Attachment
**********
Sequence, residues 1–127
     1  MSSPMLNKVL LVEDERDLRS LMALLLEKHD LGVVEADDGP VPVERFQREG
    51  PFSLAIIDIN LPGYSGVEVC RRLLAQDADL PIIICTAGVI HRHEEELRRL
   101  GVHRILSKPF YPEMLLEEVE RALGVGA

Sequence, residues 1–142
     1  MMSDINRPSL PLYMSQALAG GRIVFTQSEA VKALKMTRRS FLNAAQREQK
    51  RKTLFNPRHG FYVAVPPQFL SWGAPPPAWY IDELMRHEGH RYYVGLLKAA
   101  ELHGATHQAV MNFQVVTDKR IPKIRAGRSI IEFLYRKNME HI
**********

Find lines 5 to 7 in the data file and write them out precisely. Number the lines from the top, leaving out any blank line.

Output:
Sequence, residues 1–142
     1  MMSDINRPSL PLYMSQALAG GRIVFTQSEA VKALKMTRRS FLNAAQREQK
    51  RKTLFNPRHG FYVAVPPQFL SWGAPPPAWY IDELMRHEGH RYYVGLLKAA